Experimental feature

Listen to this article

00:00
00:00
Experimental feature
or

Make way for another tech IPO.

Hot on the heels of Snap’s frenzied debut, Yext, a New York-based location data management company, has filed paperwork with the US securities regulators on Monday to raise as much as $100m in an initial public offering.

The $100m figure, a placeholder, is likely to change as underwriters begin a road show to market the company to investors.

Founded in 2006, Yext bills itself as a “knowledge engine”. According to the prospectus, the digital-marketing company helps businesses synchronise their data across local search services including Apple Maps, Bing, Cortana, Facebook, Google, Google Maps, Instagram, Siri and Yelp.

It made $89.7m in revenues for the fiscal year ended January 31, 2016, up from $60m the previous year. The company remains loss-making however, with net loss widening to $26.5m for the 2016 fiscal year, compared to a net loss of $17.3m recorded in the prior 12 month period.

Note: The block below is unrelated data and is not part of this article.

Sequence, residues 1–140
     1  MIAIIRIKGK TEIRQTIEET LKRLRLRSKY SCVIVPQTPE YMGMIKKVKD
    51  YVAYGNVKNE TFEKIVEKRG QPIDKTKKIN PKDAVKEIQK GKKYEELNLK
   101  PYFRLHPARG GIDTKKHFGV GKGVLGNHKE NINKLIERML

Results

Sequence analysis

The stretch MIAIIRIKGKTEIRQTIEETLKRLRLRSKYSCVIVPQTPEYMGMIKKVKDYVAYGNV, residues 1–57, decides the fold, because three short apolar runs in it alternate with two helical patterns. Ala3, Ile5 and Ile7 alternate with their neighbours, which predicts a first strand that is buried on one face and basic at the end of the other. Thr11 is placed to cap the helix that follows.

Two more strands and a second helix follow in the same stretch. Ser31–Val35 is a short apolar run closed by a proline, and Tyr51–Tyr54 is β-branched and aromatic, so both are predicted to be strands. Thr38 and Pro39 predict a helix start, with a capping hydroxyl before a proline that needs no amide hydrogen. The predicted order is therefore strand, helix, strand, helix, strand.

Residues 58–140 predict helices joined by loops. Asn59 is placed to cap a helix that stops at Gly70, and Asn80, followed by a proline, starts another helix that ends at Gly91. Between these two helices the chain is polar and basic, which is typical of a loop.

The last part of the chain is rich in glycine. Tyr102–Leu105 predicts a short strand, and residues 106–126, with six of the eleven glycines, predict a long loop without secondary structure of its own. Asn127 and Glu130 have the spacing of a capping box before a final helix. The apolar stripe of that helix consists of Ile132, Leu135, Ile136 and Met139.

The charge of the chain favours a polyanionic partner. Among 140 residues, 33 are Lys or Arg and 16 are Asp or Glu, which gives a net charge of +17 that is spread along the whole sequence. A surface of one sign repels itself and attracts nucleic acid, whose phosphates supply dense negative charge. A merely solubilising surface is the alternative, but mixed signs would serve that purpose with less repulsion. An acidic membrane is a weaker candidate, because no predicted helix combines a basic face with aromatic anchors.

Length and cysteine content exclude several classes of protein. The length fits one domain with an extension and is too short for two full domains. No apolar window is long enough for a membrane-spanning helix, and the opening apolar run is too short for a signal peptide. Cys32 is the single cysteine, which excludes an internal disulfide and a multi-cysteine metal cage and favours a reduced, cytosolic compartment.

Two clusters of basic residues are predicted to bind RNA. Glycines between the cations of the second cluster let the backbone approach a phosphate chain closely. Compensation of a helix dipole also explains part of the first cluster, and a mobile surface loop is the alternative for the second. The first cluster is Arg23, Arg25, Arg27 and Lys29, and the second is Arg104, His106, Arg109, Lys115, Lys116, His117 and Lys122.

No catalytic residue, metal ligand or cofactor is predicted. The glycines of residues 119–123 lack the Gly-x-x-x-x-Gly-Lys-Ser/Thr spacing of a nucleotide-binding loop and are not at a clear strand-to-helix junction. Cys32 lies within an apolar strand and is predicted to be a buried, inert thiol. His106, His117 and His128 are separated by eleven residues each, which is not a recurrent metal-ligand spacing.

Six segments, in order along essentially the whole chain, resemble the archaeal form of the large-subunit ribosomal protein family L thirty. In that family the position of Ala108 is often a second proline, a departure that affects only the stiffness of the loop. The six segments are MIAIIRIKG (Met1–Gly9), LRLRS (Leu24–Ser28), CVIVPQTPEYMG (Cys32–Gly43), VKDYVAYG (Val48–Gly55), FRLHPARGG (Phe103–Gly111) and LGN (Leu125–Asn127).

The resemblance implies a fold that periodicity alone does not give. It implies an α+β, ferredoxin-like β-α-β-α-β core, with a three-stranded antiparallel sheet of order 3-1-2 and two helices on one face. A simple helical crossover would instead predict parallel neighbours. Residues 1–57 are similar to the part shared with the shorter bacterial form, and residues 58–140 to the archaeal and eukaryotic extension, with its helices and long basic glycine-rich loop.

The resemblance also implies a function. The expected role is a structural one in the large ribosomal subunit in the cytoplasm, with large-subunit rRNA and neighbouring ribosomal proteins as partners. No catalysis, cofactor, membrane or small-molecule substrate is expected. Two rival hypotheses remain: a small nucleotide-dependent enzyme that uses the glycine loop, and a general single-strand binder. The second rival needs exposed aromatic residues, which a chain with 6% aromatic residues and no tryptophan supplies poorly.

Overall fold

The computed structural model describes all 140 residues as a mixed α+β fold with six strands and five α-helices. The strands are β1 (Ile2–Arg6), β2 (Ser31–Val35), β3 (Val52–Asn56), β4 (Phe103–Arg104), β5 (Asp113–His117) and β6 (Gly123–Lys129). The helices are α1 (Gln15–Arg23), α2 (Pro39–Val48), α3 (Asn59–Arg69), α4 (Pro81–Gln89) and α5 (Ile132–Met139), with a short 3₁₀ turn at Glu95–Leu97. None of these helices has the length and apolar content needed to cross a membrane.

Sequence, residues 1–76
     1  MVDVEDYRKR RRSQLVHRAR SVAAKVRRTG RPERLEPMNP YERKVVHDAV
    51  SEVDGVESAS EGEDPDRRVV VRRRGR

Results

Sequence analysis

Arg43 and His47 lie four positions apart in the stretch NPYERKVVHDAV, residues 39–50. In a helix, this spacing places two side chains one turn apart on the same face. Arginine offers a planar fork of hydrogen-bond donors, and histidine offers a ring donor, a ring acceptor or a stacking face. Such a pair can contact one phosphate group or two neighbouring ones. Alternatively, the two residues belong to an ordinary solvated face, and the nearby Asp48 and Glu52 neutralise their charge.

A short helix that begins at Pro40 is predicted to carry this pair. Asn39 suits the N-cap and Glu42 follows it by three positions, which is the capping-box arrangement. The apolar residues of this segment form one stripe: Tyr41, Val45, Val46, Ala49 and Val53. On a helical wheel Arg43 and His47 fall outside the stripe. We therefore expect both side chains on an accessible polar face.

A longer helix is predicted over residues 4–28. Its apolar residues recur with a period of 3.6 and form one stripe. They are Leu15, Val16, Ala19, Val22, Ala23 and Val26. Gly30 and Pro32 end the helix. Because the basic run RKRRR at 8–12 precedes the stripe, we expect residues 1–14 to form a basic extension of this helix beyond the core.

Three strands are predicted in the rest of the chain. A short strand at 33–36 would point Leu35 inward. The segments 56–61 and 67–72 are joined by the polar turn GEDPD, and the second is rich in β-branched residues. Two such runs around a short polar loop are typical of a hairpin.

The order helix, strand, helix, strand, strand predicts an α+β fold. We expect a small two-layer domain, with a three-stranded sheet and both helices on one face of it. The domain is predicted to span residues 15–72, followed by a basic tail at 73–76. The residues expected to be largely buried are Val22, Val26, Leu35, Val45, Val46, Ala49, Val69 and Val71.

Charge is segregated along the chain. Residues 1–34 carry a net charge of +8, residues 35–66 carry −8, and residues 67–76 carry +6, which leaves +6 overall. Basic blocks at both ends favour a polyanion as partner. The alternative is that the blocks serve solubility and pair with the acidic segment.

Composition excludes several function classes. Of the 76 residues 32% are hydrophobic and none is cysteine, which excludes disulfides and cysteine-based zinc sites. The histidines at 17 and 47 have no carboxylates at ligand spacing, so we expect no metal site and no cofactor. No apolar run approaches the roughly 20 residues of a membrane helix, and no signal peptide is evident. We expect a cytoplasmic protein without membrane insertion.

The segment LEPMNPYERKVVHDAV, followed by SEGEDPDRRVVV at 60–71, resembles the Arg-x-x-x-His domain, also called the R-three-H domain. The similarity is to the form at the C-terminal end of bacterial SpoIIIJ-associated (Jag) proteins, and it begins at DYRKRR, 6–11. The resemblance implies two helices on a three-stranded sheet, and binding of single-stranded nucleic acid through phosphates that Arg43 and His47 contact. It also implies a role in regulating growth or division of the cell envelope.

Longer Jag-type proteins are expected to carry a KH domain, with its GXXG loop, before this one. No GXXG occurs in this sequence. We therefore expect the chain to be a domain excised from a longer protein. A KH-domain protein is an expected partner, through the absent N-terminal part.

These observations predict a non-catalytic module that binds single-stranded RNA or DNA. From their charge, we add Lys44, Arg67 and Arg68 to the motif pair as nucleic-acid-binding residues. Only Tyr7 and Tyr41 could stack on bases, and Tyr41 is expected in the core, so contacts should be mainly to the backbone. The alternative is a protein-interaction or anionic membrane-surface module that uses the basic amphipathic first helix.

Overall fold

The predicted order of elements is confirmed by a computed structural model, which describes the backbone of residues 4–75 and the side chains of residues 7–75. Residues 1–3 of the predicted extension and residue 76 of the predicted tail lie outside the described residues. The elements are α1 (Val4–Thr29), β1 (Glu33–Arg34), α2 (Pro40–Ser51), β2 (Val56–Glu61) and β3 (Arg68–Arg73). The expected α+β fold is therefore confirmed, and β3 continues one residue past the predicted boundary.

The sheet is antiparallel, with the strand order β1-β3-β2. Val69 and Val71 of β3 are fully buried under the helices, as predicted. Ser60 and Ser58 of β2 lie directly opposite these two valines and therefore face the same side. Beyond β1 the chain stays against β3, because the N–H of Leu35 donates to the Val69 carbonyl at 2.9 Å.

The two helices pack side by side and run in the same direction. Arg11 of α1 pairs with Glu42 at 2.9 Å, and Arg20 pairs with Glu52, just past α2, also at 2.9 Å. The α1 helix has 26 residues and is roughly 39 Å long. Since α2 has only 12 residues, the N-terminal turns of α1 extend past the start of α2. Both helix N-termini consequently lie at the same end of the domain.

Yext’s IPO filing comes as US stocks continue to trade near record highs. Frenzied demand for growth stocks helped Snap, the owner of the disappearing message app Snapchat, to a 44 per cent first-day trading “pop” earlier this month. However, the shares have since pared some of their gains and are currently trading below the $24 debut price.

Here is a description of Yext’s business, per its prospectus:

“Intelligent search, which are searches of digital knowledge that combine context and intent, has grown significantly in recent years. In particular, searches that return maps in the results have grown significantly with the proliferation of mobile devices and now make up 30% of all mobile searches. For example, searches for categories, such as ‘restaurants’, ‘wine’, ‘insurance’, ‘wealth advisor’ or ‘doctor’, or for specific brands, such as ‘Marriott’, ‘McDonald’s’ or ‘Home Depot’, return maps directly in the search results.

The source of the results for each of these searches is not a web page—it is structured data. Businesses and service providers want their information to be accurate, compelling and more prominent than that of their competitors when consumers look for them on search platforms, applications, social media, connected devices and other digital sources. Our solution drives commerce by providing real-time digital knowledge that allows consumers to find the businesses and service providers that are most relevant to them.”

Copyright The Financial Times Limited 2017. All rights reserved.
myFT

Follow the topics mentioned in this article

Follow the authors of this article

Comments have not been enabled for this article.